Today is a terrific time if you're thinking about finding a new job or side hustle--the number of current job openings outweigh the number of people looking for work. But hang on just a minute. Artificial intelligence factors into this picture, too. And that means that, while job seekers might have great opportunities, employers are going to look to make sure that new workers have mastered one skill above all others.

The most critical skill in an A.I. world

Shon Burton, CEO of HiringSolved, acknowledges that coding and computer programming are touted as must-have capabilities to survive workplace automation. But this doesn't take into account that, down the road, computers might be smart enough to build code for you. Burton predicts this might make many popular tech jobs obsolete in just 15 years. With this possibility on the horizon, Burton says that the most critical skill that employers are going to look for are soft skills, as companies will be able to turn to artificial intelligence for a wider range of other hard skills.

"There's a whole new skillset emerging of people who understand what drives human behavior and how humans interact with technology," Burton asserts. "Having this deep knowledge of human culture and ritual will impact the direction of how technology is developed, what problem it solves, and the real-world concerns that should be considered throughout the process. These are the skills we need to be honing in on as A.I. continues to take hold in so many different aspects of the workplace."

In other words, employers need people with the social and emotional intelligence to steer technology in the right direction, who can understand where to apply new tools and where the human touch is still imperative.

"These skills are taught through studying subjects like history and economics and psychology," Burton says, "providing the ability to deeply understand the user end of these products."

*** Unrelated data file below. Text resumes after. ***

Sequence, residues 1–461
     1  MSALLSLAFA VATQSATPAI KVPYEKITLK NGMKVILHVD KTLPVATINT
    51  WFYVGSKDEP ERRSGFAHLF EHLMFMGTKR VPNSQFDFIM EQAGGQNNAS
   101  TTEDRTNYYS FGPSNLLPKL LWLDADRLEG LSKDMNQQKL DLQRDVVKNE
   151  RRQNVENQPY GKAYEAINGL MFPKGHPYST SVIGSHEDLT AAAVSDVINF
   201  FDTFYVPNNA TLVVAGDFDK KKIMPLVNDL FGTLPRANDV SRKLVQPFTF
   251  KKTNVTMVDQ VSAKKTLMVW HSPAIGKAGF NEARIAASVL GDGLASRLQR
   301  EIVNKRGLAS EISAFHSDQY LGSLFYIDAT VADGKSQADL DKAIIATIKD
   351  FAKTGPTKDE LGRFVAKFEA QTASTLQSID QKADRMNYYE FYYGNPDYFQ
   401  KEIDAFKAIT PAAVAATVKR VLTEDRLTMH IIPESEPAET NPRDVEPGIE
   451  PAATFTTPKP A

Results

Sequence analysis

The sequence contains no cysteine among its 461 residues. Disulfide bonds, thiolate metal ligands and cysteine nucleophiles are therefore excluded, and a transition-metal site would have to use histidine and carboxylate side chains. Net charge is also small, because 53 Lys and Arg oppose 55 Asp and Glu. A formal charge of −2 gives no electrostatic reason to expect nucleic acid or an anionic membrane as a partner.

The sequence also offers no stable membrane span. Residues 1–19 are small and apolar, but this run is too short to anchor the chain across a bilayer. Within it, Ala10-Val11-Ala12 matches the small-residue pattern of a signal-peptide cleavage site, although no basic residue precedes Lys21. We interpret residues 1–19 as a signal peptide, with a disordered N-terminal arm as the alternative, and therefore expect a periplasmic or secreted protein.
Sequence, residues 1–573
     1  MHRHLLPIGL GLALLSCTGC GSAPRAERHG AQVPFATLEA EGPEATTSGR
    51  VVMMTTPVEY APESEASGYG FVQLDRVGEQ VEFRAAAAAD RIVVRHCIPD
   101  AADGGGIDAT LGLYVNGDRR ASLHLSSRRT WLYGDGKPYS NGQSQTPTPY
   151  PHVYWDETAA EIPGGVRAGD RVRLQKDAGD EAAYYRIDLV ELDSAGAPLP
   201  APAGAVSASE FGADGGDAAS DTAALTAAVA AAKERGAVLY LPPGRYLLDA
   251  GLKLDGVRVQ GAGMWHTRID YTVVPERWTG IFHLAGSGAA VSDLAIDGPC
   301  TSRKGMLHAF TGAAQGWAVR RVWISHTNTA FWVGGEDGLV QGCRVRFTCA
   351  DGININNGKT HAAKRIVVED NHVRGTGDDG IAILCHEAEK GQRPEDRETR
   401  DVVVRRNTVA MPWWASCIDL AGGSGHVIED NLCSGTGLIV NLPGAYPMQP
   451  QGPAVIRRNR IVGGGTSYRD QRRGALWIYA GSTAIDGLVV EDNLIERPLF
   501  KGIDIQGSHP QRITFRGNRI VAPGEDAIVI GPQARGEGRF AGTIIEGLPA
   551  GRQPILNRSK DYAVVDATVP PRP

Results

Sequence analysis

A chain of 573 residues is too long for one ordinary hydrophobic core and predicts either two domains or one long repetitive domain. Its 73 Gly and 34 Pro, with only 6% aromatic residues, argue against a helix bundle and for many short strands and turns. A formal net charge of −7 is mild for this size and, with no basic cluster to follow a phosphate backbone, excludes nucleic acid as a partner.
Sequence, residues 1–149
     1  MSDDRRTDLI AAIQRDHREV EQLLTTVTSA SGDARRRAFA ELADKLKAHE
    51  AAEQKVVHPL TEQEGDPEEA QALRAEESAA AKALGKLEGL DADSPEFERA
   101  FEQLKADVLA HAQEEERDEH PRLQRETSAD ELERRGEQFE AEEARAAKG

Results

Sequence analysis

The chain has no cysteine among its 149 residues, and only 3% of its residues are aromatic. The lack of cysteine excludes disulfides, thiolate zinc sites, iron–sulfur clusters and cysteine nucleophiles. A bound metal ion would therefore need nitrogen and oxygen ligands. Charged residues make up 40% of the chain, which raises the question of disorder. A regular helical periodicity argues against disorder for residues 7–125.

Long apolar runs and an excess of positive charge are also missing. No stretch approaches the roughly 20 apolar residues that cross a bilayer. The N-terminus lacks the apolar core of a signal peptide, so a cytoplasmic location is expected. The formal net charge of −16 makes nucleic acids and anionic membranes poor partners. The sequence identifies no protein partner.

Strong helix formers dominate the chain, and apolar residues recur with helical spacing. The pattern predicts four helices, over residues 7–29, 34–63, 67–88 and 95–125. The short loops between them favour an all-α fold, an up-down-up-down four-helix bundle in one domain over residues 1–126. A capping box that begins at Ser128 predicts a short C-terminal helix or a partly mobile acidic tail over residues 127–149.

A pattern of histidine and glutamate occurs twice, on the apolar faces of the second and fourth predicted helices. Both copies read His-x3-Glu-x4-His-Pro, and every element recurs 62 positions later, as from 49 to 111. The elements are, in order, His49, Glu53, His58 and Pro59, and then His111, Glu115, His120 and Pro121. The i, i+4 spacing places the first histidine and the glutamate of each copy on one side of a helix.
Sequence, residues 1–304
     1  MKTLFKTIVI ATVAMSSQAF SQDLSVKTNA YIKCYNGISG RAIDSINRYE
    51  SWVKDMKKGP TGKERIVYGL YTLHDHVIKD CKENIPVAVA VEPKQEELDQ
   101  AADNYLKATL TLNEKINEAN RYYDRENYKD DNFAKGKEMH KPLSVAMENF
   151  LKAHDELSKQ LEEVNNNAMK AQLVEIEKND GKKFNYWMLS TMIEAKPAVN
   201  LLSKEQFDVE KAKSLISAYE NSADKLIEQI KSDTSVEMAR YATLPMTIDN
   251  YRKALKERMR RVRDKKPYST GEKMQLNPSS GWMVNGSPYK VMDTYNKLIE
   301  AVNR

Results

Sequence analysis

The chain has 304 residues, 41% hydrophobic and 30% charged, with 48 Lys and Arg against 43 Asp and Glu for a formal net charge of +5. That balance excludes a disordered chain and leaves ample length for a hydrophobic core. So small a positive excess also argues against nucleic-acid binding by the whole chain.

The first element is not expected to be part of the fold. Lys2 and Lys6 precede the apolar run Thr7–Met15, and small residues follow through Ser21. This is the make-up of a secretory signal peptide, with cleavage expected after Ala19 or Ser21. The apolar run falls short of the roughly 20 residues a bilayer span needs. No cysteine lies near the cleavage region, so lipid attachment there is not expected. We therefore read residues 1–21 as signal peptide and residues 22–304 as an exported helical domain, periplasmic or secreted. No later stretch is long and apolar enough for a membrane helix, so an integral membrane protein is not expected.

Burton also predicts that, as artificial intelligence gets better, recruiters will have more free time to focus on the interpersonal elements of hiring, such as face-to-face interviews. A.I. also will play a much bigger role in tasks like predicting how well you'll do in a position and suggesting who a hiring manager should talk to first.

"As A.I. capabilities increase, it will be easier and more efficient to find candidates with the right blend of hard and soft skills needed for a role. A.I. will be able to make stronger inferences, bringing candidates who may not necessarily be a 100 percent match for a role on paper but has a strong background, to the top of the hiring funnel. A.I. will see past the 'black and white' of a resume and give insights on supply and demand, such as locations with strong candidate pools."

Burton's predictions are significant because, if they come to fruition, achieving fantastic employee-job fit will be worlds easier. And great fit usually means workers are happy! That higher quality of life is precious and has no price tag. But if you want to take a numbers perspective, when workers are feeling good, it positively influences everything from healthcare expenses to the number of projects a team can finish, reducing turnover and ultimately putting more cash in company accounts.

2 points to remember

Burton has two major insights you should remember as soft skills become a bigger focus and artificial intelligence gets better.

1.     Human interaction will always be valuable, no matter how far A.I. comes. Example? Baristas. Robots easily could make you your coffee. But coffee shops are thriving with people behind the counter because we like the ceremony of a real individual drawing the designs into our favorite drinks. The same concept of human interaction applies across the enterprise world.

2.     Combination is key. "Those who have skills that mesh human understanding with knowledge of how technology works will not only survive workplace automation, but will thrive in it. Should people ignore software engineering altogether? Of course not [...]. It's about striking that delicate balance between the two worlds."


Importantly, as Burton notes, significant examples of this balance already are available for you to see.

"The biggest giants out there like Google and Apple are primarily comprised of more than software engineers and STEM graduates. They employ highly-paid product managers, marketing directors and human resources professionals, many of whom majored in the humanities."

Now, granted, there's no one size fits all when it comes to what works in business. You might need more of a tech focus than someone else, for example. But if leaders like the companies above put weight on both sides, you probably should, too.